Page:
Credit Crunch Hits Home

David Field, a 28-year-old credit counselor from Plantation, Fla., is engaged to be married in November. In the meantime, he's trying to get rid of his $9,000 in credit card debt. And while he's a third of the way there, like so many Americans, it hasn't been easy for him.

He's cut down nearly everything, even his driving as he tries to save money on gas.

"I mean you're trying get your minimum payments out. It's very difficult to keep up with prices rising everywhere," said Field.

The credit crunch is now hitting home, thanks in part to a domino effect that began with the big banks that are now reeling from the hundreds of thousands of mortgages that have defaulted.

They are the same mortgage loans that once seemed too good to be true. Now, homeowners and banks have learned … they were.

"I don't think anybody thought the market would tank as much as it has tanked," said Guy Cecala, publisher of the trade publication Income Mortgage Finance.

This week, economists say two more banks, Citigroup and Merrill Lynch, will likely report one of their worst quarters ever. And tonight, the Wall Street Journal is reporting Citigroup, a major financial services company, could write off Tuesday as much as $20 billion in bad loans — a staggering amount that means thousands of its workers could be laid off.

Big Buck Benefits for Financial Execs

While these companies continue to suffer financially, some have begun to press former and current executives as to why they aren't experiencing similar financial tribulations.

Today, Rep. Henry Waxman, D-Calif., the House Oversight and Government Reform chairman, has sent letters to Angelo Mozilo, CEO of Countrywide Financial, Charles Prince, former CEO of Citigroup and E. Stanley O'Neal, former CEO of Merrill Lynch, asking the top executives how they "stand to collect tens of millions of dollars in severance payments and other compensation," while their companies are forecasted to lose billions during the so-called subprime mortgage meltdown.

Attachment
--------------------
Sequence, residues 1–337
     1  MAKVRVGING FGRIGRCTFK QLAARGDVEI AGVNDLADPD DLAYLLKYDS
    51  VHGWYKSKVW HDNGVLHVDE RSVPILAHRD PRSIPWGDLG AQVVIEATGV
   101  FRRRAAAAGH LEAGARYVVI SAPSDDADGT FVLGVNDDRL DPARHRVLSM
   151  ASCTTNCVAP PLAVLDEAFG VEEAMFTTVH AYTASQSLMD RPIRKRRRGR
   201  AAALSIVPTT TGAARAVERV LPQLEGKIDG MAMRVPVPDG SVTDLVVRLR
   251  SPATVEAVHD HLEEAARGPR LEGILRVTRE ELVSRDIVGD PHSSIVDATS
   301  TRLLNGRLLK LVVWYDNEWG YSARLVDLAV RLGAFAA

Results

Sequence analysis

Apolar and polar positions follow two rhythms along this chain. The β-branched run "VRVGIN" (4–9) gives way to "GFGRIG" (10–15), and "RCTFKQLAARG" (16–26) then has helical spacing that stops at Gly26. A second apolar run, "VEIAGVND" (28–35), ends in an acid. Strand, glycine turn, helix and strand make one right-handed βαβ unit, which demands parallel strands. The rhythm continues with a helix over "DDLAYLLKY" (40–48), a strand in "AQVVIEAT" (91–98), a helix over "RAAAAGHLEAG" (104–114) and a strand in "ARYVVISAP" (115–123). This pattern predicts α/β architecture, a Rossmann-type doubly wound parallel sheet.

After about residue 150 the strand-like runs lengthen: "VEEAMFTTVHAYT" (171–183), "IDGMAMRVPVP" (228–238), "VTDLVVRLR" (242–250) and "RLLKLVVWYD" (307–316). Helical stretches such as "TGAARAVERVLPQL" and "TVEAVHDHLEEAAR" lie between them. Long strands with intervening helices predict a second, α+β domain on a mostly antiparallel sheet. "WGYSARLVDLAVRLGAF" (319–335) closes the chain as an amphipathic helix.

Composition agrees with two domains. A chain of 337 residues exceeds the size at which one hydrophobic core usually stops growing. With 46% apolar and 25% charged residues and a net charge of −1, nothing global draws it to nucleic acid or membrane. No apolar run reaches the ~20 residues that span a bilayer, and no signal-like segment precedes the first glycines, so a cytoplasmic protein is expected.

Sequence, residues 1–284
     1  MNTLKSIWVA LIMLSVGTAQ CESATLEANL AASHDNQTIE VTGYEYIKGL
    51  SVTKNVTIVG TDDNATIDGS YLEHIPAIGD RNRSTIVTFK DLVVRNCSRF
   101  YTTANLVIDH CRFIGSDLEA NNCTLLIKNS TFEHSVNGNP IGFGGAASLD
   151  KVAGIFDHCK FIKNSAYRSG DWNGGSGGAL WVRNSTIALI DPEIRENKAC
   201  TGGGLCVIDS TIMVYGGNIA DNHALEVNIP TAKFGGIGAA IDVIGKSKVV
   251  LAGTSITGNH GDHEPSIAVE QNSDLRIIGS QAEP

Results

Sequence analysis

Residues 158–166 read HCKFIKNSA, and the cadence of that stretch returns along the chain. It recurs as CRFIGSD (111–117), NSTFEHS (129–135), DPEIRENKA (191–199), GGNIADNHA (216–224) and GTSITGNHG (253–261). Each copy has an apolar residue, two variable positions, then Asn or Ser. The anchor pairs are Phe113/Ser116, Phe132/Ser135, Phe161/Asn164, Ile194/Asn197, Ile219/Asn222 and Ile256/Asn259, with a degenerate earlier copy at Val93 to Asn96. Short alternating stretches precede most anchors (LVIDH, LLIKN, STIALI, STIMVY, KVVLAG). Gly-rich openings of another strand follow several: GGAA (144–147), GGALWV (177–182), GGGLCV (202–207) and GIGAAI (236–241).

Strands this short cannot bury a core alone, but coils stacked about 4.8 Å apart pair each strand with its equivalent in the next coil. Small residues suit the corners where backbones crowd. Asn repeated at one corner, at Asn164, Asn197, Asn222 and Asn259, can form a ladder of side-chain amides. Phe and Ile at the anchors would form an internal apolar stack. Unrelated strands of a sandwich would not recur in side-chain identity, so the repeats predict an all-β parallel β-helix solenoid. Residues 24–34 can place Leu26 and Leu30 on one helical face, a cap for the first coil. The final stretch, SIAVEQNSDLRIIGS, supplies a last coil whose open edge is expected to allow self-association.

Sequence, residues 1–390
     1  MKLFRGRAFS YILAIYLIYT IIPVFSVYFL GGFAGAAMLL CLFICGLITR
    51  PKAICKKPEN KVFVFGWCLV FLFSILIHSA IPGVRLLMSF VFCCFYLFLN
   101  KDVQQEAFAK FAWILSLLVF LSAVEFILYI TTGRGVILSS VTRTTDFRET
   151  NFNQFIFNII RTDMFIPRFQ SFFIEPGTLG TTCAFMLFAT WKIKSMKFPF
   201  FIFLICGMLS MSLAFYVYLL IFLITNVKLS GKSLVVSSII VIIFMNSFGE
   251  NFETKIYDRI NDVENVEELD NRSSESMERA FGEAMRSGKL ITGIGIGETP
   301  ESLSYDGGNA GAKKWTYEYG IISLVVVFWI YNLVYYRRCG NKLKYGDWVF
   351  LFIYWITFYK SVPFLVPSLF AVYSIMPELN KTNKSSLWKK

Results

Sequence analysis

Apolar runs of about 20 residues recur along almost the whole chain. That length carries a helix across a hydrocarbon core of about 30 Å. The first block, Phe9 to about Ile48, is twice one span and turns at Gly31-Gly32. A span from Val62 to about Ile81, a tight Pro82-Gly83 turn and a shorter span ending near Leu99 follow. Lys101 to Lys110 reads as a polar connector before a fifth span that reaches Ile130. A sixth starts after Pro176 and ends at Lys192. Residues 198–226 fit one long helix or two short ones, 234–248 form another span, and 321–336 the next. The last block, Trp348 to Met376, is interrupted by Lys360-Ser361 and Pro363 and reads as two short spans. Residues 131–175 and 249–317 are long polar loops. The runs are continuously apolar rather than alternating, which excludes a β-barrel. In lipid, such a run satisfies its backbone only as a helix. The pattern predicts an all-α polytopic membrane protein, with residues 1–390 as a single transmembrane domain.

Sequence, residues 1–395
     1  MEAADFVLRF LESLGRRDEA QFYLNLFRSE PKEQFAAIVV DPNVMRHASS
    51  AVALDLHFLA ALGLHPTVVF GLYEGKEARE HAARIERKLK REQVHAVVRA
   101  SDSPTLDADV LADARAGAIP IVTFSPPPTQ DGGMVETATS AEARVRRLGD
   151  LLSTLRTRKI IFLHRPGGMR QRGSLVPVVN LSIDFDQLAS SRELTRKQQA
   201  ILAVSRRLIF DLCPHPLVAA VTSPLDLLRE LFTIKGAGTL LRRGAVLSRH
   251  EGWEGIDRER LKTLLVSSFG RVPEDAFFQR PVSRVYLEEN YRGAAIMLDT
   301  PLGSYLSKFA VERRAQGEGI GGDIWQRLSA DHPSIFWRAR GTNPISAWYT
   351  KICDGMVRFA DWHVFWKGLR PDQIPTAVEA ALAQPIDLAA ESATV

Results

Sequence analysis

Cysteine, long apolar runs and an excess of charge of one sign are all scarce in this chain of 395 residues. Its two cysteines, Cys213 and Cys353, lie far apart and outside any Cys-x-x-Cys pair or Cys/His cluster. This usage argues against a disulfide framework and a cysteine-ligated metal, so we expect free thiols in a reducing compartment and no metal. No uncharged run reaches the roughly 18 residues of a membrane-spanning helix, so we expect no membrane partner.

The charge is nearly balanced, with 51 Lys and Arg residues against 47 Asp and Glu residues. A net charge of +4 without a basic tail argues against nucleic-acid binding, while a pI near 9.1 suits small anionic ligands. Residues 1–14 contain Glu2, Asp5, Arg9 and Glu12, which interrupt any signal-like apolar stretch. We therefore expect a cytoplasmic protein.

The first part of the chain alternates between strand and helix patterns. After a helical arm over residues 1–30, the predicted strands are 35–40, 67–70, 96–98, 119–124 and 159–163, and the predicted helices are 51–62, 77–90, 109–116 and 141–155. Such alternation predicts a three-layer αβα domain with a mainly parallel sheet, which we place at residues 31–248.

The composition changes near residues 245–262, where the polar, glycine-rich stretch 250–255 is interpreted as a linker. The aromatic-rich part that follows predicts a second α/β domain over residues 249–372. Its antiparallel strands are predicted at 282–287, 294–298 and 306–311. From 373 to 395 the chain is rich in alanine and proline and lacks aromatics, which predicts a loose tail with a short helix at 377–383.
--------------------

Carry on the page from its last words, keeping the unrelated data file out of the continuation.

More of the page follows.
According to the Wall Street Journal, Mozilo's severance package is valued at more than $110 million. The Journal also reports that upon leaving Citigroup, Prince's benefits were valued at more than $29 million, mostly in company stock. And O'Neal departed Merrill Lynch, reportedly having accumulated more than $160 million in benefits. Waxman's panel is set to meet on Feb. 7.

Citigroup had no comment regarding the inquiries, and calls to the other two companies weren't immediately returned.

Despite the monetary gains for these executives, their companies continue to feel the sting.

"All of them are taking a body blow," said Cecala. "That's what's surprising here. You really don't see any bank that's doing well. People don't know when the next shoe is going to drop. Is it going to be credit cards? Student loans?"

For some, the "other shoe" has already dropped. Credit cards, also a major source of revenue for banks, have become a major concern.

Consumers are starting to fall behind. Capital One is reporting a rise in delinquencies. Even American Express, known for customers with solid credit, says it's experiencing a sudden rise in late payments.

The company reports it will take a $440 million hit because of it.

The headlines have been ominous, some that warn "Watch the Consumer" as this economy flirts with recession, because consumers make up 70 percent of economic activity in this country.

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